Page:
This $100 billion credit line would allow California to finance its $26 billion deficit at very minimal interest rates, with $74 billion left over for infrastructure and other sorely needed projects. Studies haveshown that eliminating the interest burden can cut the cost of public projects in half. The loans could be repaid from the profits generated by the projects themselves. Public transportation, low-cost housing, alternative energy sources and the like all generate fees. Meanwhile, the jobs created by these projects would produce additional taxes and stimulate the economy. Commercial loans could also be made, generating interest income that would return to state coffers.


Building a Deposit Base To start a bank requires not just capital but deposits. Banks can create all the loans they can find creditworthy borrowers for, up to the limit of their capital base; but when the loans leave the bank as checks, the bank needs to replace the deposits taken from its reserve pool in order for the checks to clear. Where would a state-owned bank get the deposits necessary for this purpose?


In North Dakota, all the state’s revenues are deposited in the BND by law. Compare California, which has expected revenues for 2010-11 of $89 billion. The Treasurer’s website reports that as of June 30, 2009, the state held over $18 billion on deposit as demand accounts and demand NOW accounts (basically demand accounts carrying a very small interest). These deposits were held in seven commercial banks, most of them Wall Street banks: Bank of America, Union Bank, Bank of the West, U.S. Bank, Wells Fargo Bank, Westamerica Bank, and Citibank. Besides these deposits, the $64 billion or so left in the Treasurer’s investment pool could be invested in State Bank of California CDs. Again, most of the bank CDs in which these funds are now invested are Wall Street or foreign banks. Many private depositors would no doubt choose to bank at the State Bank of California as well, keeping California’s money in California. There is already a movement afoot to transfer funds out of Wall Street banks into local banks.


While the new state-owned bank is waiting to accumulate sufficient deposits to clear its outgoing checks, it can do what other startup banks do – borrow deposits from the interbank lending market at the very modest federal funds rate (0 to .25%).


To avoid hurting California’s local banks, any state monies held on deposit with local banks could remain there, since the State Bank of California should have plenty of potential deposits without these funds. In North Dakota, local banks are not only not threatened by the BND but are actually served by it, since the BND partners with them, engaging in “participation loans” that help local banks with their capital requirements.


Taking Back the Money Power We have too long delegated the power to create our money and our credit to private profiteers, who have plundered and exploited the privilege in ways that are increasingly being exposed in the media. Wall Street may own Congress, but it does not yet own the states. We can take the money power back at the state level, by setting up our own publicly-owned banks. We can “spend” our money while conserving it, by leveraging it into the credit urgently needed to get the wheels of local production turning once again. Ellen www.webofdebt.com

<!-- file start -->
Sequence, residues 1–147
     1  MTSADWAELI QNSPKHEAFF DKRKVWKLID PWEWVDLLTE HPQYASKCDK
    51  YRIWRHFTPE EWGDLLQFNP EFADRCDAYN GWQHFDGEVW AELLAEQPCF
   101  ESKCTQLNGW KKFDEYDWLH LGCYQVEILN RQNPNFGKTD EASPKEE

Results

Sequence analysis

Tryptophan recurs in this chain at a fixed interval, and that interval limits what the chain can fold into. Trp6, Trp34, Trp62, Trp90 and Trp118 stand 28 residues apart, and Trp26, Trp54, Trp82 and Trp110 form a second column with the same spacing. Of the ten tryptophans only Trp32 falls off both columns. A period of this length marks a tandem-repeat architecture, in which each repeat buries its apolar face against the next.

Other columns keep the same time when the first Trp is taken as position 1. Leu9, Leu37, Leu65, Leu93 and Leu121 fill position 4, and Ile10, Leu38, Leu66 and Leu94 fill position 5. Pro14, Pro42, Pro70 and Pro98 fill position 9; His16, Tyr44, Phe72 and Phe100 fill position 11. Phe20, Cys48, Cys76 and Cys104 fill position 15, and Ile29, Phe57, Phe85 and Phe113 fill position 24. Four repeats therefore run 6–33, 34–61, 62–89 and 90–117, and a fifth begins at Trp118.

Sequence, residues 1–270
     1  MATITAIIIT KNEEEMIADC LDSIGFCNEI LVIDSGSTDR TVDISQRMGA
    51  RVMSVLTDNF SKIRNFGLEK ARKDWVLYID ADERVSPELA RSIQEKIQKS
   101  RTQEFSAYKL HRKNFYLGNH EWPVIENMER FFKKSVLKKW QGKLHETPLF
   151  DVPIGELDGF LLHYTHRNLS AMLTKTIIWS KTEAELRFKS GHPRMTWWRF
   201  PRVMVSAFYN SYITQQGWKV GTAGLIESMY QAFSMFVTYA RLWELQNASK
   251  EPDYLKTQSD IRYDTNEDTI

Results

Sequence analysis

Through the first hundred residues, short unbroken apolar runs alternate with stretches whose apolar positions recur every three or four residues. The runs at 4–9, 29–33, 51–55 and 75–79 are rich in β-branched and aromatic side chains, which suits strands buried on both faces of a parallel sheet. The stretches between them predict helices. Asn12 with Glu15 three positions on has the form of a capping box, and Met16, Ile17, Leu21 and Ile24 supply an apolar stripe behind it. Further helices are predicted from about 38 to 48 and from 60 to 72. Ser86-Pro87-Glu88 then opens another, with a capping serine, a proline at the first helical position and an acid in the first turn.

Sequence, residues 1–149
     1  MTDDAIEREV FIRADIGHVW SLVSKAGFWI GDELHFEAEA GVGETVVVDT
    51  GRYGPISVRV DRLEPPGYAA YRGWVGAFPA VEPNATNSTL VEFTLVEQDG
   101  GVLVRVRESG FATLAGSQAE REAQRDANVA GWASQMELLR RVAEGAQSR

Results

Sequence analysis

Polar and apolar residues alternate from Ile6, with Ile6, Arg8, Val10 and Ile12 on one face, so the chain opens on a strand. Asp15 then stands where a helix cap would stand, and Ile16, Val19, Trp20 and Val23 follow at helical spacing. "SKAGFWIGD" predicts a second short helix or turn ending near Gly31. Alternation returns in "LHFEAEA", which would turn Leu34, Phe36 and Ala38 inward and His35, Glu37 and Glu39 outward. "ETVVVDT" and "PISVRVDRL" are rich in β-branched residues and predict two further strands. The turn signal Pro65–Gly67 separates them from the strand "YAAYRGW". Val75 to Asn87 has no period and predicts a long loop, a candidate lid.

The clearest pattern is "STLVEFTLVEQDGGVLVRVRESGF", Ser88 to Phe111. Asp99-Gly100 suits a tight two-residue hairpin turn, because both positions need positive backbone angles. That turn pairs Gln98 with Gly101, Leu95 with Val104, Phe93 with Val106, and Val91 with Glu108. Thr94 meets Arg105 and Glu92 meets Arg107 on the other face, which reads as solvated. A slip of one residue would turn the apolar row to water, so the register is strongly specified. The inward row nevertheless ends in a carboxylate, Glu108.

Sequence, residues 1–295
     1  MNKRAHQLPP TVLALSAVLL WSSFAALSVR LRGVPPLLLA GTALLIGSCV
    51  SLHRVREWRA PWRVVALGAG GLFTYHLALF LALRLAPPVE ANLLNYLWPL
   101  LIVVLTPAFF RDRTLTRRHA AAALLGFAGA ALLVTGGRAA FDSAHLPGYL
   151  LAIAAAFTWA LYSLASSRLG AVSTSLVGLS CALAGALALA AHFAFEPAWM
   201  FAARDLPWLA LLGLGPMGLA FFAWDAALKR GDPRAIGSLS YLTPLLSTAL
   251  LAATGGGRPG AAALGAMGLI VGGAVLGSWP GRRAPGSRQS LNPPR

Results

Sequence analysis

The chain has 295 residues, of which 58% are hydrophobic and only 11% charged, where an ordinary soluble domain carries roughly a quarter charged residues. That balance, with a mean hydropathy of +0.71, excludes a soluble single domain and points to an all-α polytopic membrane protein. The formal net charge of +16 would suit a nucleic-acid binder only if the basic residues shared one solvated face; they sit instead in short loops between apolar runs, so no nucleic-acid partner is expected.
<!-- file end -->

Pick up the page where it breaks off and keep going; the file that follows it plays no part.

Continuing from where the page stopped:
and the primary idea behind the group “The Public Banking Institute” fronted by Ellen Hodgson Brown (formerly practicing law in southern California) who hooked up with “Inquiring Systems Inc.” to push her agenda — and did NOT properly incorporate to show the public its own tax returns and the group’s own finances, choosing instead the dubious and “too busy saving the world to send in our paperwork” nonprofit initially formed with 6 PhDs, 4 Masters, and a BS – I stayed on the task and learned what time of day it is in the New World Order.

 

 

At the end of the day I looked up yet another of the many credits of EcoSystemologist Loren Cole, Ph.D. (his summary claims — but doesn’t reference — three other PhDs or when or where he got them), his claim to be Chairman of the Board of BeOnHoldings and Essential Foods, Inc. (very, very organic and socially responsible?).

I didn’t see his name anywhere referenced on any of the lists of boards of directors for either corporation — but then again, it’s a private corporation not a nonprofit.

HOWEVER, the certifying corporation which is all over the website, IS a nonprofit: But you can pick up quite a bit just  looking up, on-line, from anywhere you can get on-line, and for only the price of your time in exchange for better insight, who they’re referring to (boasting about) as either their accomplishments, who’s on the board, what the board members are paid, and who they are redirecting money or grants towards.  You get a picture of size and proportion of grants to program service revenue, which in another category would simply be called Sales of products and services.

Usually on the IRS statement of Revenue (ca. page 9? check) you can also see of its revenue, which part was “government grants” although good luck finding out from which parts of government.  Not shown  on the IRS form, supposed to be mentioned (at least in California) on a separate form called the “RRF” (annually).

You can do the same for any single corporation that caught your eye — or wants your money — or is contracting with government to better serve you — other corporations who appear to be certifying, accrediting, validating, and approving of their accomplishments.